Jeremy Sivits: Fired and Demoted?

Plus, a primer: How do courts-martial work? What are the punishments? Can you appeal?

Update, May 20, 2004: Yesterday, a special court-martial sentenced Army Specialist Jeremy Sivits to one year in military prison, a bad-conduct discharge, and reduction in rank to private. Readers e-mailed to ask, What’s the point of demoting Sivits if he also faces discharge? What does it matter whether he’s a specialist or a private if he’s fired?

Demoting Sivits is a way to reproach him and dish out a pay cut at the same time. Rank carries great meaning within the military, so demoting Sivits symbolically removes what respect and authority he had earned. As for the money, soldiers sentenced to prison time automatically forfeit two-thirds of their pay during the period they spend in prison, according to Article 58 of the UCMJ. Before Congress created this rule in 1996, soldiers continued to earn full pay and allowances during their time in prison. Reducing Sivits in rank means he will earn less money in prison—a private currently makes $1,193.40 per month in base pay, while a specialist with four years of service makes $1,814.10 per month in base pay.

Army Specialist Jeremy Sivits pleaded guilty today to a special court-martial for charges that he helped abuse Iraqi detainees at Abu Ghraib. Six of his peers will face general courts-martial starting this week for their acts at the prison. How exactly does a court-martial work?

Most aspects of a court-martial would look familiar to any civilian lawyer but just different enough to make him or her uncomfortable. Military law applies in military courts, not the federal criminal code. Senior commanders hold the power to prosecute, select judges, pick juries, and approve verdicts. Uniformed judges preside over the court. And the hand-picked jurors, known as “members,” are officers (and sometimes sergeants, if the accused is enlisted).

Military courts administer the Uniform Code of Military Justice. Like the federal criminal code, the UCMJ contains a laundry list of criminal offenses, from violent crimes like murder and assault to uniquely military crimes such as failure to obey a lawful order.

Courts-martial are run by a military commanders who are ultimately agents of the president and the executive branch, not the judiciary. In addition to their day jobs as combat leaders, these commanders become “convening authorities” when one of their troops is accused of a crime; they are responsible for overseeing the court-martial (if there is one) and approving its verdict.

Before a general court-martial happens, the case goes to an “Article 32” hearing, roughly analogous to a grand jury proceeding. Here, an investigating officer reviews the evidence to see if there’s enough to proceed with a court-martial. The defendant can cross-examine prosecution witnesses and even introduce his own evidence to try and prevent the case from going forward—not the case in a grand jury proceeding,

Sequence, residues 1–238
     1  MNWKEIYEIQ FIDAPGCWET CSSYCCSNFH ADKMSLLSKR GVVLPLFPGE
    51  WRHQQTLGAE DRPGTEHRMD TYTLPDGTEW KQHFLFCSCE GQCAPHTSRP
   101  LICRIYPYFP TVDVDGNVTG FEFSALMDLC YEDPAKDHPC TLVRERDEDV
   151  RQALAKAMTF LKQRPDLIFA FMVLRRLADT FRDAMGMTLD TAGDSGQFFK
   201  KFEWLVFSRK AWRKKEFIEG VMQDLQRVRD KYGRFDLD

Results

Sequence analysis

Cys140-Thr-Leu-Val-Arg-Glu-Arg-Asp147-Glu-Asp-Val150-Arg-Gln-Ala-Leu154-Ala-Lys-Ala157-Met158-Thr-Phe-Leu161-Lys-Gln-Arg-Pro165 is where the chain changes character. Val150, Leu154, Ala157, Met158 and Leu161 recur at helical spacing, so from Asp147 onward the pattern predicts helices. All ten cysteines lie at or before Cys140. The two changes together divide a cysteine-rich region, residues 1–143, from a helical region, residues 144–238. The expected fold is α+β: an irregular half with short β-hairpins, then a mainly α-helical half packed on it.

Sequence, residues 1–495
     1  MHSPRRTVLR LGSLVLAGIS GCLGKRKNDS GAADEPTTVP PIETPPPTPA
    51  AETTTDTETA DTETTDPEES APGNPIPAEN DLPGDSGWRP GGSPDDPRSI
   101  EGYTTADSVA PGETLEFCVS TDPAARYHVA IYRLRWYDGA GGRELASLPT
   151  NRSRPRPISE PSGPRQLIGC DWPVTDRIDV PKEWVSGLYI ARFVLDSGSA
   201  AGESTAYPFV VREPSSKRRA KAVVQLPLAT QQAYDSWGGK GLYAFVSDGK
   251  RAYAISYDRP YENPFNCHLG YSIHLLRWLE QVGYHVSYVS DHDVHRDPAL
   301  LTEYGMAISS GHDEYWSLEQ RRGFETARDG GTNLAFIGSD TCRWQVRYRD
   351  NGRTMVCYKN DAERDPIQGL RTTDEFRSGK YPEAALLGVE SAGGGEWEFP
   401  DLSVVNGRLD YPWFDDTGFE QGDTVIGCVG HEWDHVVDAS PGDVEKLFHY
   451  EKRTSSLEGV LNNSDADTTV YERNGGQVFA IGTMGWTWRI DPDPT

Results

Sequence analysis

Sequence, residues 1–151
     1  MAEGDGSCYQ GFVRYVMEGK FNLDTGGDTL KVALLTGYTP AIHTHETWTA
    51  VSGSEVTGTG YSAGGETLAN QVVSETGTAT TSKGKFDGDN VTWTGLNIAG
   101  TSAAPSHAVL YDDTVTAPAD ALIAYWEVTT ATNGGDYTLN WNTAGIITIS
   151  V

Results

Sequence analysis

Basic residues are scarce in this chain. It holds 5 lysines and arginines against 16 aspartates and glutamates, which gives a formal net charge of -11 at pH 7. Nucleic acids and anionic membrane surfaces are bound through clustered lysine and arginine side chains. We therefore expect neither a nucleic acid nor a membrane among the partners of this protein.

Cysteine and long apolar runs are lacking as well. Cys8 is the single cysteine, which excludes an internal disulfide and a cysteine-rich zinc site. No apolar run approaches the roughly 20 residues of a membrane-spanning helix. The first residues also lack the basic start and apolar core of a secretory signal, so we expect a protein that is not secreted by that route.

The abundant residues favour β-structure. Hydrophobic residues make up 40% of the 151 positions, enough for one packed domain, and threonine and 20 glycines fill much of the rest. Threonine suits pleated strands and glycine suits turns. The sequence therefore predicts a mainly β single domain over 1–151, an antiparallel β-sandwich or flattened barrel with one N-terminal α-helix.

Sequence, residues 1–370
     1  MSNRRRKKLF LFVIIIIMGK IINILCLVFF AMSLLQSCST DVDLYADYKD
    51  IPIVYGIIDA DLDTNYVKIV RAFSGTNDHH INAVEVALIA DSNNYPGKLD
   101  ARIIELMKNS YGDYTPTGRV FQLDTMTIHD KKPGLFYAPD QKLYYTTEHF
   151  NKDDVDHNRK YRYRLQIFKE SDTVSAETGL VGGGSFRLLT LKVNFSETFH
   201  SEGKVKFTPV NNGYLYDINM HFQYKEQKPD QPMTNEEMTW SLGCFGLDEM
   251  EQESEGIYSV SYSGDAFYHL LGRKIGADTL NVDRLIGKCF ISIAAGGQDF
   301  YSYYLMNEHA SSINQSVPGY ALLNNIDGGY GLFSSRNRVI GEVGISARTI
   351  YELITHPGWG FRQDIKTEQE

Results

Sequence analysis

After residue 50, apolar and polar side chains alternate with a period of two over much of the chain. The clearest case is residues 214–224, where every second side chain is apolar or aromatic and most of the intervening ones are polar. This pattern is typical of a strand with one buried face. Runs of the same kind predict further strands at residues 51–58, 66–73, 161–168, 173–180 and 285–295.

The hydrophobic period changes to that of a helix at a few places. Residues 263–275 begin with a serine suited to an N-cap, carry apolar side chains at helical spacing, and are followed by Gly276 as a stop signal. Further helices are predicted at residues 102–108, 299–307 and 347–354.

If the case goes forward, a military judge is selected from the ranks of the Judge Advocate General corps; these are usually veteran courtroom advocates with several years of trial experience. Additionally, nearly all military lawyers serve as both military prosecutors (known as “staff judge advocates”) and military defense attorneys, so they’ve seen both sides by the time they’re appointed to the bench. The military judge has authority to decide matters of law—like admissibility of evidence—just as in a civilian court. His or her decisions can be appealed, too, through military courts of appeal to the U.S. Court of Appeals for the Armed Forces and sometimes all the way to the Supreme Court.

Just as in a criminal court, verdicts get doled out by juries. In military cases, jurors are picked by the convening authority and typically work in the same unit as the accused. (Rule 104 of the Manual for Courts-Martial, however, makes it a crime for the commander to tell the jurors how to vote or to retaliate against them after the trial.) Enlisted personnel, like Sivits and the other six soldiers accused so far, have the right to have at least one-third of the jury members be sergeants (enlisted personnel who have worked their way up the ranks)—something more like a jury of their peers. In all but capital cases, military juries need only a two-thirds vote for a conviction  (capital cases require a unanimous verdict).

In some cases, the right to a jury is sharply curtailed—or even dispensed with altogether. “Special” courts-martial, like the one Sivits pleaded guilty in today, include a limited right to a small jury of three members. (The other six Abu Ghraib defendants are slated to face “general” courts-martial, which handle more serious crimes and can issue tougher sentences.) Special courts-martial can also be convened by lower-ranking commanders than general courts-martial.

The military also has an administrative court procedure known as “non-judicial punishment” or “Article 15,” in which a commanding officer serves both as judge and jury with extremely limited rights of due process and appeal. Article 15 procedures are limited to minor offenses, such as missing duty in peacetime, and mete out punishments such as extra duty and rank reduction, but not prison time.

Military courts can sentence soldier to death, as Explainer discusses here. The UCMJ authorizes capital punishment for murder and 14 other crimes, including espionage and aiding the enemy; most of these crimes must be committed during wartime to warrant execution. At most, Sivits faces one year in prison, reduction in rank, loss of pay, and a bad-conduct discharge, because that is the maximum sentence allowed for a special court-martial.

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